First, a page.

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How Alternative Payment Models Are Changing Patient Care

February 18, 2016

Alternative_payment_model.jpgHealth care reform brought significant change to the medical practice, from changes in documentation requirements to transformative shifts in the payment paradigm. Arguably, these alternative payment models will impact care delivery more than most of the reforms in the health law. 

This year promises to be a year of even more change, as the Department of Health and Human Services aims to tie some 30 percent of all traditional Medicare payments to alternative payment models and connect 85 percent of its fee for service payments to quality and/or value metrics.

Considering that as late as 2011, virtually all Medicare payments were strictly fee for service, this represents a seismic shift. These changes are closely aligned with trends in commercial payments, which tied over 40 percent of in-network payments to performance measurements last year. 

Last spring, the American Medical Association and the RAND Corporation completed an in-depth report on how these new payment models and quality metrics are affecting both the frontline providers and the medical practice as a whole. The findings were enlightening, if not entirely surprising to anyone who has been involved in health care administration in the past few years. 

Mark W. Friedberg, MD, MPP, the study’s lead author and a scientist at RAND, said the report showed that “changing the payment system probably isn’t enough to ensure that patient care will improve.” Instead, success depends on aligning the practice’s incentives, both financial and non-financial, with the new payment models, and ensuring an adequate level of provider support. 

Structural Changes at the Practice Level

Among the most significant findings affecting health care practices:

  • There has been a dramatic increase in strategic mergers and partnerships between practices and hospital systems in order to lower the costs associated with IT infrastructure and support personnel needed to successfully compete under the new payment models. 
  • Practices are moving toward a team-based approach to care delivery, with a greater focus on non-physician providers, allied health professionals, and case managers. 
  • The balance of care delivery between primary care and specialty providers is shifting in response to shared savings and capitation models.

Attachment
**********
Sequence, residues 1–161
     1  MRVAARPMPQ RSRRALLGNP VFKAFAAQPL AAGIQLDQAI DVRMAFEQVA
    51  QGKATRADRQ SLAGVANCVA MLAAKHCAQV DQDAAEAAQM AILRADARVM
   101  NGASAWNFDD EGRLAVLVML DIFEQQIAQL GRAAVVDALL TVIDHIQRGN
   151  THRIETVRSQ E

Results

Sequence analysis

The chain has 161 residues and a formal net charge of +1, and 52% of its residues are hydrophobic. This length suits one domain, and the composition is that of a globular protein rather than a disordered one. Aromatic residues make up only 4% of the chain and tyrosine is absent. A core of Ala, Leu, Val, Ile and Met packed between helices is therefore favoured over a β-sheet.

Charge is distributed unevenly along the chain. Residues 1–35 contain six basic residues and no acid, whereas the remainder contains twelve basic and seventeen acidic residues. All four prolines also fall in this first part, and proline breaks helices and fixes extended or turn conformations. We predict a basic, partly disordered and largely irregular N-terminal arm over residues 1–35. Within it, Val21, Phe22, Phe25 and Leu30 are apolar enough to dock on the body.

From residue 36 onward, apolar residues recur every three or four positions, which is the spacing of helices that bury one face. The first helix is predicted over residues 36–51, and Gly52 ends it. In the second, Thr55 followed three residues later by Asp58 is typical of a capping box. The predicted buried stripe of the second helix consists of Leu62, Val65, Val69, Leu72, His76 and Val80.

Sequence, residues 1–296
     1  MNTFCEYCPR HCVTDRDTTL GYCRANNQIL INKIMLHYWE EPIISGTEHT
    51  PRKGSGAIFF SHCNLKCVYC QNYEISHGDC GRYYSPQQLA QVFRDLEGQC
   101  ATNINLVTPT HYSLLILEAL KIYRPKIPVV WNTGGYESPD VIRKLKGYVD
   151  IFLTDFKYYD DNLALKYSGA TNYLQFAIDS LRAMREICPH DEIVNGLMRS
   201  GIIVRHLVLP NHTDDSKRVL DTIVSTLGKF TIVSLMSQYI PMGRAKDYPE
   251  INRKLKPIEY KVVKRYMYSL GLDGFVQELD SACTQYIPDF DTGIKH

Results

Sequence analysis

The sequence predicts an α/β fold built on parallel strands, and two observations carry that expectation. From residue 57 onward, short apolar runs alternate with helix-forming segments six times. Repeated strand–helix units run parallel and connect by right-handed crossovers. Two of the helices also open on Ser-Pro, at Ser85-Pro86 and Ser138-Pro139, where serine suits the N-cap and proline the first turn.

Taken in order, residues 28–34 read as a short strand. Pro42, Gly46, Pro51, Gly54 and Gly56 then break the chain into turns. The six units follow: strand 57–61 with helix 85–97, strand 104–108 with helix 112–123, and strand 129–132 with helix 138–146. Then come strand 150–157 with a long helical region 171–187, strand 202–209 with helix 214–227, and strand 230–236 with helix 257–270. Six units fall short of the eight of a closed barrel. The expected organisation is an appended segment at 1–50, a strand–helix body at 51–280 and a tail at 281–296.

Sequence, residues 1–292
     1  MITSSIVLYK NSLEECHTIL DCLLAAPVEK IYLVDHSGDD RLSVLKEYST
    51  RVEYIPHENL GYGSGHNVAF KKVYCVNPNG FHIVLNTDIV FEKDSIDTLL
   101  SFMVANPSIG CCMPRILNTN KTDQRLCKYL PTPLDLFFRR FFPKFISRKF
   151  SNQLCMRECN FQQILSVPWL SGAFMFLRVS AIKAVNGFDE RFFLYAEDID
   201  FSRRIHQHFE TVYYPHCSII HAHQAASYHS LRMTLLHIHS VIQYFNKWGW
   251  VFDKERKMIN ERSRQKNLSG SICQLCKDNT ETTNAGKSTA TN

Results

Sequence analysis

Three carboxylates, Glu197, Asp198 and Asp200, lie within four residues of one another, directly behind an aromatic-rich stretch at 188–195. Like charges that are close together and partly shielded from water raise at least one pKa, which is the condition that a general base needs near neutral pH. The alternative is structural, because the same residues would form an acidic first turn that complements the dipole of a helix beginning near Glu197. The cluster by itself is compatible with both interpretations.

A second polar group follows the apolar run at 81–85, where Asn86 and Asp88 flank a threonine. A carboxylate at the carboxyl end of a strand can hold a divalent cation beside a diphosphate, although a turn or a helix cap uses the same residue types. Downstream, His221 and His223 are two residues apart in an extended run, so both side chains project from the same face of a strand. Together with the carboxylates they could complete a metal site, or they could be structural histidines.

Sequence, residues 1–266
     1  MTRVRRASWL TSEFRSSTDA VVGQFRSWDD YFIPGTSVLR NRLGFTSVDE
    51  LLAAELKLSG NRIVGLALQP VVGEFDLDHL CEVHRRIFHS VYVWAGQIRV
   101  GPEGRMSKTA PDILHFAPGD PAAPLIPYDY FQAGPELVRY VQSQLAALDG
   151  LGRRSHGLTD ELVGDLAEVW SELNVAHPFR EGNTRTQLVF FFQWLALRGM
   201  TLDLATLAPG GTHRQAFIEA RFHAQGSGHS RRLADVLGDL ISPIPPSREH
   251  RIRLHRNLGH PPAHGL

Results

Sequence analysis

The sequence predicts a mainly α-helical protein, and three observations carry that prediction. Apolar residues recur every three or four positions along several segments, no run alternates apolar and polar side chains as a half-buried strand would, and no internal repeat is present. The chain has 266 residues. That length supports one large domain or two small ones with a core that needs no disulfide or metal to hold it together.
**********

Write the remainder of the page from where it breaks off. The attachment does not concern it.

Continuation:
• Large investments in upgraded data management systems, including powerful EHRs and new analytics tools, are necessary to adequately track performance metrics and map paths for improvement. 
  • The multiplicity of alternative payment models and their associated non-clinical paperwork and administrative requirements are placing a heavy burden on health care providers, driving down individual productivity. 

Face-to-Face Care Remains Unchanged

At the physician level, the new payment models are not significantly changing face-to-face patient care, in part because practice administrators have separated individual physician compensation from the financial incentives in the alternative pay schemes. The report indicated that practices used non-monetary incentives, such as performance feedback and provider education, to effect change in the clinical decision-making process. 

Interestingly, a not insignificant percentage of physicians expressed an interest in linking their compensation to quality, performance, and efficiency of care metrics. Overall, none of the practices surveyed reported a negative impact on overall finances as a result of the new payment models; revenue remained neutral or increased slightly. 

Ongoing Challenges

Operational changes designed to align clinical practices with the new payment strategies are frequently hobbled by inadequate, incompatible, or unavailable data. Even as practices invest in more powerful and complex health information technology, payers are failing to support the alternative payment transition on their end. In addition, performance and quality metrics vary by payer, making it difficult to adequately track and report compliance. 

If your revenue cycle is in chaos as a result of the alternative payment models, M-Scribe’s coding, billing, and revenue cycle management experts can help you implement the processes and technology you need to stay ahead of the curve. Contact us today for a consultation. 






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